Eskom workers targeted while corrupt go untouched, says Cosatu
The government has failed to act against those responsible for the electricity crisis and now thousands of workers will lose their jobs.
This was the message of Cosatu's first deputy-president Michael Shingange on Tuesday at a gathering outside parliament in Cape Town.
He said the proposed unbundling of Eskom would result in privatisation and massive job losses in the country’s largest state-owned enterprise.
Police estimated that about 1,500 people from different trade unions gathered to protest about rescue plans for Eskom announced by President Cyril Ramaphosa during his state of the nation address.
Ramaphosa said that Eskom, the 11th-largest power utility in the world, would be split into three entities. It was reported on Monday that SAA would also be split into three.
Although Eskom employs 48,000 people, the organisation has been a bottomless pit for taxpayer money, with recent reports of alleged corruption relating to Gupta-owned companies getting R1bn consulting contracts.
It was reported that the utility was also bound contractually to pay Optimum, a Gupta-linked coal-mining company, hundreds of millions of rand for coal which was never delivered in 2018.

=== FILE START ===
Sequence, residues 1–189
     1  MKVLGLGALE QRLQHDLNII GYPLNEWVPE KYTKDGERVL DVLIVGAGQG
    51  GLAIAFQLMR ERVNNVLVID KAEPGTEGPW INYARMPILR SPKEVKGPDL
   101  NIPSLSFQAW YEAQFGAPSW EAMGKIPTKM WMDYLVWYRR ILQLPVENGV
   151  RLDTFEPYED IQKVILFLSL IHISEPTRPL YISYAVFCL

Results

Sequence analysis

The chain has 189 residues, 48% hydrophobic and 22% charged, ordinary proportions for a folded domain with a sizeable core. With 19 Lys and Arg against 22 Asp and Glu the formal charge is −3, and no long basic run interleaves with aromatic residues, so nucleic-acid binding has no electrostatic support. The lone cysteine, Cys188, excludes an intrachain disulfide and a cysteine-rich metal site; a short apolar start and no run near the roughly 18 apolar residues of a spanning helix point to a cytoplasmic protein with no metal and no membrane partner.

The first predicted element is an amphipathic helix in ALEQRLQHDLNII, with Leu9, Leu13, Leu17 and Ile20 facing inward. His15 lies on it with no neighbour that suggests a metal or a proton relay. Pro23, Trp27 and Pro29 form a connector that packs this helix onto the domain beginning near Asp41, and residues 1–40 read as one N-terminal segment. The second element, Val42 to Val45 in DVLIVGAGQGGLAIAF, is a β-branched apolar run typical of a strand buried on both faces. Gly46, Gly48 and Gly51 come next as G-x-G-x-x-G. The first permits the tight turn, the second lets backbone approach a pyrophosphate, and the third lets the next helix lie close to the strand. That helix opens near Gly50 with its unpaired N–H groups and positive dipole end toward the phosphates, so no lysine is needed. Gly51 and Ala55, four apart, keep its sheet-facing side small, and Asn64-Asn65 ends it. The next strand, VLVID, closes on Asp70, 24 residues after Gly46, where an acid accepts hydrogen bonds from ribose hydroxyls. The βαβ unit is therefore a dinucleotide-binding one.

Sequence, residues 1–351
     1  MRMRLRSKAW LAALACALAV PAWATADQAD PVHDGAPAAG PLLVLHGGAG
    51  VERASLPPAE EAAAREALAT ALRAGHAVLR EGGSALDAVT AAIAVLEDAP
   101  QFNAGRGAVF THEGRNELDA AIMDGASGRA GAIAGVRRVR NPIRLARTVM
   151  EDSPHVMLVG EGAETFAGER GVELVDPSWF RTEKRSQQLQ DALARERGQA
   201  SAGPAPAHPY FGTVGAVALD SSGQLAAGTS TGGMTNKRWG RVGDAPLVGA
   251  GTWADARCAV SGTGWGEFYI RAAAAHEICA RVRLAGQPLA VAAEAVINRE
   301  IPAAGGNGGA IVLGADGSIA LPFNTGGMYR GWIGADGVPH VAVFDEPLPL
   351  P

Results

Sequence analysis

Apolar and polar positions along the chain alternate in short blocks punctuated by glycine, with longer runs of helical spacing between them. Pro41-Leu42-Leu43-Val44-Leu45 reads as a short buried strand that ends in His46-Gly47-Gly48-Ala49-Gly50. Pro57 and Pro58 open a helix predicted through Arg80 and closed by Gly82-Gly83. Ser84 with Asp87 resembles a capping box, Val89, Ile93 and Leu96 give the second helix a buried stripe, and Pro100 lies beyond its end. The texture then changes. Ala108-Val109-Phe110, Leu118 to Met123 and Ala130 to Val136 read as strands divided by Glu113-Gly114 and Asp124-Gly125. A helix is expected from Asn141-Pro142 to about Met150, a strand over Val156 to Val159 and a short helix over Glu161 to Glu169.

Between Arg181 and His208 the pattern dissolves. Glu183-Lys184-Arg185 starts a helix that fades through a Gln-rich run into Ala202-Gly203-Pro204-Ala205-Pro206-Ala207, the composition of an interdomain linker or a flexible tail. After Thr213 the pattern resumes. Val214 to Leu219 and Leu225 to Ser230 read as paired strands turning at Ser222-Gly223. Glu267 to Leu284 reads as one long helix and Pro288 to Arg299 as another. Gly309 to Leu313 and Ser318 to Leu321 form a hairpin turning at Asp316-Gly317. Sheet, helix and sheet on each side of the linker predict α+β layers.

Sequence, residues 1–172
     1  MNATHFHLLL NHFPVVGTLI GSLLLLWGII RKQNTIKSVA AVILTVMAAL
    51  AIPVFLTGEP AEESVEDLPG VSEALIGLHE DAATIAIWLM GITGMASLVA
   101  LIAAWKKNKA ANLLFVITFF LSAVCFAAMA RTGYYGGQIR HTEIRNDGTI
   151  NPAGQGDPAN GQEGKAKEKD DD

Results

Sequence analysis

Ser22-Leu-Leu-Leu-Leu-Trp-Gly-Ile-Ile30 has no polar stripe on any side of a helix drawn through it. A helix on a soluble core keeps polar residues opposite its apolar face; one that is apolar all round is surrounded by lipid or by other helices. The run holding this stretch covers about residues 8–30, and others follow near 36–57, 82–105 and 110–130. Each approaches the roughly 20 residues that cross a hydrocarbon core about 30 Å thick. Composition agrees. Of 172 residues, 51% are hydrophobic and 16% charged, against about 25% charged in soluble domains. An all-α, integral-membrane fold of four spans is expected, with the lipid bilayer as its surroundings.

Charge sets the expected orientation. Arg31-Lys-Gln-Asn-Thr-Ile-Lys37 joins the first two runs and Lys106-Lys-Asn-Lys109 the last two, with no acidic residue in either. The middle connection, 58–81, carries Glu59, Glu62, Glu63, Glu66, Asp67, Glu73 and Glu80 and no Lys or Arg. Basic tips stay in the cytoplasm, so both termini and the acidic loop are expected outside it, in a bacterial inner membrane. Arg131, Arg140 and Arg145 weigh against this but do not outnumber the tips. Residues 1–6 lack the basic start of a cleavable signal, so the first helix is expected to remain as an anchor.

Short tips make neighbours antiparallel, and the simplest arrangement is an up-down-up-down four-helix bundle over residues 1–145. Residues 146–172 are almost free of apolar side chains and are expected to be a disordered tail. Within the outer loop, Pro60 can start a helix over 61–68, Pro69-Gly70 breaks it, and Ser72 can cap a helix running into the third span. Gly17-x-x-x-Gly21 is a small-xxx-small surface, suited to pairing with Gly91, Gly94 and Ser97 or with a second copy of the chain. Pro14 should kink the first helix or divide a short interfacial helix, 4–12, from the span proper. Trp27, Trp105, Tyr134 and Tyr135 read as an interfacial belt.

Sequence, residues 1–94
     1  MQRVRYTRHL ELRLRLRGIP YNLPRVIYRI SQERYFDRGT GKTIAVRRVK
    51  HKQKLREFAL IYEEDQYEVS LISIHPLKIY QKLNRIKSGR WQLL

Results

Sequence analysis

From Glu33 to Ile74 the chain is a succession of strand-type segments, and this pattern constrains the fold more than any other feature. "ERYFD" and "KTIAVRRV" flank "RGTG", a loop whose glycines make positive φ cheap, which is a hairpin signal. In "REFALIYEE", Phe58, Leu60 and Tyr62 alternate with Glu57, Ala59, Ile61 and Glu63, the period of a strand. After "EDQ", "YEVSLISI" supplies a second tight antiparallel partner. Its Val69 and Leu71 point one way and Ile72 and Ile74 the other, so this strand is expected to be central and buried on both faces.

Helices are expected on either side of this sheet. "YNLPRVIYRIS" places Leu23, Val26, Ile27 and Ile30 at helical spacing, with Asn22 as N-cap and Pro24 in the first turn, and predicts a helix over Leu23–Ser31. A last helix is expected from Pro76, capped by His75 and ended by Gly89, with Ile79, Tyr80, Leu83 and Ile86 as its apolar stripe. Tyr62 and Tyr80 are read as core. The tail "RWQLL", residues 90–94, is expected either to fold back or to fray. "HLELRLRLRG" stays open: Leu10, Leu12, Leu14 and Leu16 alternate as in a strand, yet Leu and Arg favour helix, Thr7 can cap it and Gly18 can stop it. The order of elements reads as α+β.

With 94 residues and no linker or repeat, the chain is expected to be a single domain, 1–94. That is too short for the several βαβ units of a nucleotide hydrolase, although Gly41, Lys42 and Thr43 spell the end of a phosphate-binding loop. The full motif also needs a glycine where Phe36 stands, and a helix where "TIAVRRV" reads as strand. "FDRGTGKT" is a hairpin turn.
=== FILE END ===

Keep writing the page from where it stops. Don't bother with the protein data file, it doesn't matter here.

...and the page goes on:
Shingane said Eskom needed to be saved, but not at the expense of workers. He also raised concerns that privatisation would lead to increased electricity prices.
"To us the unbundling of Eskom is equal to privatisation, it's equal to job dislocation, it’s equal to making electricity unaffordable to our people," said Shingane.
"We do not need a one-size-fits-all resolution, we need a clear plan, a clear diagnosis of what’s gone wrong in Eskom.
"For decades Eskom’s been allowed to be looted, to be run down. Millions of rands have been syphoned out. To date no one has been held accountable, no one has been arrested, no furniture of any corrupt person has been forfeited. But the workers are the ones who are being attacked today."
The protesters handed a memorandum to national assembly deputy speaker Lechesa Tsenoli. In it, Cosatu raised concern about retrenchments across the public and private sector.
It also said that Eskom’s renewable energy programme and the closure of coal mines needed to be stopped.